We use cookies to understand how you use our site and to improve your experience. This includes personalizing content and advertising. To learn more, click here. By continuing to use our site, you accept our use of cookies. Cookie Policy.

Features Partner Sites Information LinkXpress
Sign In
Advertise with Us

Download Mobile App




Events

ATTENTION: Due to the COVID-19 PANDEMIC, many events are being rescheduled for a later date, converted into virtual venues, or altogether cancelled. Please check with the event organizer or website prior to planning for any forthcoming event.

AI-Based Mammography Triage Software Helps Dramatically Improve Interpretation Process

By MedImaging International staff writers
Posted on 11 Oct 2021
Print article
Illustration
Illustration

An artificial intelligence (AI)-based mammography triage software is helping dramatically improve the interpretation process for healthcare providers.

In a new study, researchers at the Scripps Green Hospital (La Jolla, CA, USA) showed how the use of an AI-based computer-aided detection (CAD) and triage software suite improved the mammographic interpretation process at an imaging center and its partners. Mammographic results can be delayed for many reasons, including physician shortages. Many women experience anxiety waiting for their mammographic results, with 97% of women in one study reporting that immediate results would lower anxiety.

The AI software that aids in detection and triage of clinical concerns was first implemented in June 2019 at a single outpatient site utilizing 2D digital mammography. The AI software evaluated all imaging exams as soon as they were completed, triaging any suspicious findings into a sortable worklist and notifying the physicians. While integrating the AI tool into the imaging centers’ picture archiving and communication system was “unproblematic”, radiologist buy-in proved to be a challenge as physicians experienced fears of being replaced, distrust and hesitancy in learning the new approach.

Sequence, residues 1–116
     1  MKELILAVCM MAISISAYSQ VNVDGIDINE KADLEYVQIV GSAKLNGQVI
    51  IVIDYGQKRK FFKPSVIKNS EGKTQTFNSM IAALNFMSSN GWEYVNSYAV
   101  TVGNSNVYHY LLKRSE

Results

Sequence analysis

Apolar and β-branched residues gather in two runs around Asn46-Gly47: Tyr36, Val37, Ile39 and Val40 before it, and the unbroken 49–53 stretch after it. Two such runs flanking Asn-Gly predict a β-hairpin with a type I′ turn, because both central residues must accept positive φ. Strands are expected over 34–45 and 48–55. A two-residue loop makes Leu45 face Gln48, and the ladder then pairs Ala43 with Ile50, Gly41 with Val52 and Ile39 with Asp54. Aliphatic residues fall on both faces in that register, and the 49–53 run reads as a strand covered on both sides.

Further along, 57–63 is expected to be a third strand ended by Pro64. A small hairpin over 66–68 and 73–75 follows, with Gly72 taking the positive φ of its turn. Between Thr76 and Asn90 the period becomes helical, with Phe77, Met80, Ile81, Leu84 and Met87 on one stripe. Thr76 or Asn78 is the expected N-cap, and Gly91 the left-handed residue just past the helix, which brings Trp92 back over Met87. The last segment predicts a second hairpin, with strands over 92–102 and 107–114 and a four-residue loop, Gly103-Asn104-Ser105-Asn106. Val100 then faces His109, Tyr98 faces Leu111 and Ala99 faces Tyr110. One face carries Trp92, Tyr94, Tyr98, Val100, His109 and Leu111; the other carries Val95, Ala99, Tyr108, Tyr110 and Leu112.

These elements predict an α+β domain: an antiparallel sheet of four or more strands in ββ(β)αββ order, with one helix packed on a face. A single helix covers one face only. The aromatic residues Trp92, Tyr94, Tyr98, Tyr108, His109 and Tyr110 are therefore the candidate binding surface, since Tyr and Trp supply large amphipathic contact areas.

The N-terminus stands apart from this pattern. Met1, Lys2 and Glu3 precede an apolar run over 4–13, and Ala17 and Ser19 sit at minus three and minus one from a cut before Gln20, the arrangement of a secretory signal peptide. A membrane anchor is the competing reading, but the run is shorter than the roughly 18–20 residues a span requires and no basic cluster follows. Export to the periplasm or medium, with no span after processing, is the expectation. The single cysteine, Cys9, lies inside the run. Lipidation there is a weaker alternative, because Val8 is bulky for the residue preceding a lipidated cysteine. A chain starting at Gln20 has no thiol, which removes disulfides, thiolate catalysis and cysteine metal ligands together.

The study showed that post the implementation of the AI tool, the average turnaround times declined from around 9.6 days based on 2019 data to 3.9 days in 2021. Among BI-RADS (Breast Imaging-Reporting and Data System) category 0 patients, the average turnaround times fell from 9.4 days (with a range of 1-33) to 4.7 days (0-22). Exams with suspicious findings were usually interpreted within one day, with fewer left for outside comparisons. There was also a decline of 71% in flags per examination when using AI from 2.26 per exam to 0.65, marking a “comparable and significant” reduction for both masses (down 72%) and calcifications (70%).

“Despite initial skepticism, a verbal survey of the interpreting radiologists performed two years after implementation showed universal preference for the AI-[computer-aided detection] compared with traditional CAD, the value of which has been questioned,” the researchers wrote. “Furthermore, the use of triage is now seen as the preferred way to manage their work lists,” indicating the “perception of greater ease” when reading batched mammograms.

Related Links:
Scripps Green Hospital 


Print article
CIRS -  MIRION
Radcal

Channels

Radiography

view channel
Image: Spinal fractures in the elderly are preventable with simple X-rays (Photo courtesy of Pexels)

Simple X-Ray Method Can Diagnose Vertebral Compression and Prevent Spinal Fractures

Vertebral compression means that the spine is compressed, causing a fracture in one of the vertebrae. Vertebral compression fractures (VCFs) occur easily in people with osteoporosis and are very common... Read more

Industry News

view channel
Image: RSNA`s annual meeting is the world`s largest medical imaging conference (Photo courtesy of RSNA)

RSNA 2022 Sees Rise in Abstract Submissions Ahead of Annual Meeting

The Radiological Society of North America (RSNA, Oak Brook, IL, USA) has announced that nearly 10,400 scientific and educational abstracts have been submitted for the Society's 108th Scientific Assembly... Read more
Copyright © 2000-2022 Globetech Media. All rights reserved.